Koch / Music For Nations
This one is such a welcome and joyous relief to me. Hymns couldn’t have been a more apropos title — an ecstatic release under stern spires of black marble and granite. Or maybe just like welcoming an old friend home — I’d given up on Godflesh after the singularly monolithic and tear-jerking Pure. Afraid that they would never be able to follow up such a perfect record and that Justin Broadrick himself had become too absorbed in reinventing dance music is his own skeletal image with projects like Techno Animal. I was right that side projects kept him busy, but I was so fucking wrong about Godflesh being relegated to the status of memory. Hymns sees Broadrick and bassist G.C. Green back in force, leaner and more rhythmic/addictive than ever before. Lockstep Maoist marches combined with dub hell funk. Or is that fuck?
I think some of this rejuvenation is down to the very welcome addition of ex-Prong/Swans percussionist Ted Parsons to the fold. Great to see him back in heavy music, and adding his minimal killer cyborg beats to the mix. The sound is tighter now, like hands around a throat, focused, so hateful and rough — nothing is wasted and no life is spared as the machines rush on, pumping out dire doomsday slogans. It’s the tensile precision of Green and Broadrick combined with Parson’s heart of darkness drums that really give the Godflesh sound a needle of adrenaline in the heart that it needed. A dirty needle, of course.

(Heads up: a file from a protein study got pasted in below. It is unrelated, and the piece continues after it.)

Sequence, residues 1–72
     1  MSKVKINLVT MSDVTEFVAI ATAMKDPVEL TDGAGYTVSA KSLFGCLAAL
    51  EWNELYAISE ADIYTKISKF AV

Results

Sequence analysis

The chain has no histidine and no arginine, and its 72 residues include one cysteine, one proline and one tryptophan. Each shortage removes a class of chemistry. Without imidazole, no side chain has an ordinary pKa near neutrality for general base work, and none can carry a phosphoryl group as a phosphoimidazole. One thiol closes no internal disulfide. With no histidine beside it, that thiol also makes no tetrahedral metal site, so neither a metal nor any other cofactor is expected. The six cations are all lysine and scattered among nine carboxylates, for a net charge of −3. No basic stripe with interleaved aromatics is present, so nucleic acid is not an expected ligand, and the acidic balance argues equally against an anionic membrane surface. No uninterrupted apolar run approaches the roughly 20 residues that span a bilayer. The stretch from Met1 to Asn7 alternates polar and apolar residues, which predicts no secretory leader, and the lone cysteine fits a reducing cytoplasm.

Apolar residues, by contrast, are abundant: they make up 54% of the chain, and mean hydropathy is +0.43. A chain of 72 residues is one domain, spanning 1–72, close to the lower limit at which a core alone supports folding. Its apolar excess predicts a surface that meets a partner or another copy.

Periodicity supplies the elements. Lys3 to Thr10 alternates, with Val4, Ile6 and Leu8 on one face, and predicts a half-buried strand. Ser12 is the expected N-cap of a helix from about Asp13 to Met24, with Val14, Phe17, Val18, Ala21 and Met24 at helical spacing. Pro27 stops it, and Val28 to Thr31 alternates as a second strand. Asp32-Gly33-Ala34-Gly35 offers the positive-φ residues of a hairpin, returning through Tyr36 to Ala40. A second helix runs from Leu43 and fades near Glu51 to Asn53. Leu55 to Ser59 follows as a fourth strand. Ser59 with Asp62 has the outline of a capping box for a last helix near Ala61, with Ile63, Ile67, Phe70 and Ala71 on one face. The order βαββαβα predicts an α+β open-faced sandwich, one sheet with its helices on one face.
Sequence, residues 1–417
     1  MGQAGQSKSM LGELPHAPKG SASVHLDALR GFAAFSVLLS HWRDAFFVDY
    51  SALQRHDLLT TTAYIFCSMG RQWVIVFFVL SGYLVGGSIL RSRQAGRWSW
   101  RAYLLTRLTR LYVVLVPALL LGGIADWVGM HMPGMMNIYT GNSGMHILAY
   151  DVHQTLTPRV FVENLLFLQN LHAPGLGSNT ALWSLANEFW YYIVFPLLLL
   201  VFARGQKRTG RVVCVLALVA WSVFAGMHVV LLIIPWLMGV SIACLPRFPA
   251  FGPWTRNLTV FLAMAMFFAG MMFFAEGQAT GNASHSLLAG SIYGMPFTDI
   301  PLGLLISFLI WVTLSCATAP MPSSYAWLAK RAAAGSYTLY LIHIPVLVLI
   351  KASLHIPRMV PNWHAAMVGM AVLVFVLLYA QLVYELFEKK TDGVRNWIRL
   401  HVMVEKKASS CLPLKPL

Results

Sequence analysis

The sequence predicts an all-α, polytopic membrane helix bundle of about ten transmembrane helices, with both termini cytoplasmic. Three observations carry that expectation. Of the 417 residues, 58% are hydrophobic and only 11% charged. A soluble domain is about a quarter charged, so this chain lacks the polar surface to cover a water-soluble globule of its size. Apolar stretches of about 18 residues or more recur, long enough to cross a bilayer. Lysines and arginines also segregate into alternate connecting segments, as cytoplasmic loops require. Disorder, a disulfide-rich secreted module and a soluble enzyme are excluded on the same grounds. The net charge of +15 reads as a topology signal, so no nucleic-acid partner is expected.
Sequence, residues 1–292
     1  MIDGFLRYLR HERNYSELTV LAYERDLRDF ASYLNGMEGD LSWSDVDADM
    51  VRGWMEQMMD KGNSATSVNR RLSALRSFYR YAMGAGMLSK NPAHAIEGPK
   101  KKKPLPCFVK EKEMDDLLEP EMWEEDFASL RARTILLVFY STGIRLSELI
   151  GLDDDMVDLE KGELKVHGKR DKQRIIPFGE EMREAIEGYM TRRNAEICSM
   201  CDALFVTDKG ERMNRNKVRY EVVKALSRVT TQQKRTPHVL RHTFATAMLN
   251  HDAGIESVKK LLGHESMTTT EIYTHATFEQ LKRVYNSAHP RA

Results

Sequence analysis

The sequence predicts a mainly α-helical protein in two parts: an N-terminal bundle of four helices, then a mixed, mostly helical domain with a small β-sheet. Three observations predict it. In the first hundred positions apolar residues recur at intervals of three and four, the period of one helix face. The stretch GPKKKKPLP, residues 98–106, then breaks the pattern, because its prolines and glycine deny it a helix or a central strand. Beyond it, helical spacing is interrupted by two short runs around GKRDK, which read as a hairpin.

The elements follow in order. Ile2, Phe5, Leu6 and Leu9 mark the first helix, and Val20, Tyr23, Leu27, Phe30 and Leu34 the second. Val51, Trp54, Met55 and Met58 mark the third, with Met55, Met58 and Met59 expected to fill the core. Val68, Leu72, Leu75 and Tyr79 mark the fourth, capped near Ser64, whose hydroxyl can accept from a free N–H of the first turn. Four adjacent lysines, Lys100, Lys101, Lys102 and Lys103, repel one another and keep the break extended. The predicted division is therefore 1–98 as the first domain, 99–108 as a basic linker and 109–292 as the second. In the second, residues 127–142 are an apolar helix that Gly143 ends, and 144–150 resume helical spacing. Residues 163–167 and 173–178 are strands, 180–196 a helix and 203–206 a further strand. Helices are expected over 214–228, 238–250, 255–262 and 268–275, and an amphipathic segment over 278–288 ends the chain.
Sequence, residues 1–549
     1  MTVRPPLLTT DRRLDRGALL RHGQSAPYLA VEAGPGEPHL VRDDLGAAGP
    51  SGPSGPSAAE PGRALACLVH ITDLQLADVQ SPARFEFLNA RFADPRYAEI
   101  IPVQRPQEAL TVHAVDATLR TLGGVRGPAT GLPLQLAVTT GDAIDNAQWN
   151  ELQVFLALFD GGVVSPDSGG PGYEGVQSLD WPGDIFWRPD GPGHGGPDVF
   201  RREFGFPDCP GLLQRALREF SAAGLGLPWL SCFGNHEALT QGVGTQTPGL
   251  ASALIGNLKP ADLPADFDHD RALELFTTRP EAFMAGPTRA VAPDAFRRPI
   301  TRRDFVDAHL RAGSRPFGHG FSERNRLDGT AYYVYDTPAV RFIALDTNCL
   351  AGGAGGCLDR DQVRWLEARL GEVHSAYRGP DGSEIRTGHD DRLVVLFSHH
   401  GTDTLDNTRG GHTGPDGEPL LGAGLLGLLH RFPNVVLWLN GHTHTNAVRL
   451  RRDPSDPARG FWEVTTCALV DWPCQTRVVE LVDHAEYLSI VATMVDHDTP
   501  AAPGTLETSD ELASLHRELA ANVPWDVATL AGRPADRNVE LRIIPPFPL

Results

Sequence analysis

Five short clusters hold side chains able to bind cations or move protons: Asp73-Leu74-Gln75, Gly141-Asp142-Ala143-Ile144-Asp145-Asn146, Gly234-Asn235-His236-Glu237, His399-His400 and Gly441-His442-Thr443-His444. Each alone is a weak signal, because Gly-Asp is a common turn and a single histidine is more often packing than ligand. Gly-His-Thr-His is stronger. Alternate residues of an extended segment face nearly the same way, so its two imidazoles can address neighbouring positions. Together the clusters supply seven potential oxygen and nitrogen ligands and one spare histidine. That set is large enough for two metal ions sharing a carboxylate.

Godflesh 2001 sound totally bastard powerful and relevant again, just like the experimental dancehall days of Slavestate. A shotgun in the mouth of the zeitgeist. Nowhere more so than on monstrous drone waves of sound like “Anthem,” building up stern towers of long chord repetitions with no hope for relief. I always loved that about Godflesh, how they’d burrow deep within a riff, prodding and exploring, learning every facet and coloration hidden under the skin. And they’d lay it bare. Vocals are hoarsely shouted and roared in impatient tones, or in damaged angelic singsongs. Green’s bass underpins the sound, mimics Broadrick’s guitar lines like a particularly deliberate stalker. Hymns is so fucking powerful. A fever dream Swans meets smoked-out dub aesthetic, nestled uncomfortably against a dose of Prong’s amphetamine-popping broken funk.
Sorry gang, the copy I got sent was badly cracked, so I couldn’t get past track nine without being trapped in an eternal noise loop. Appropriate, though difficult to review. Fellow Godheads that I pestered into buying this assured me that every single track is incredible and essential for continued life and happiness. Who am I to argue?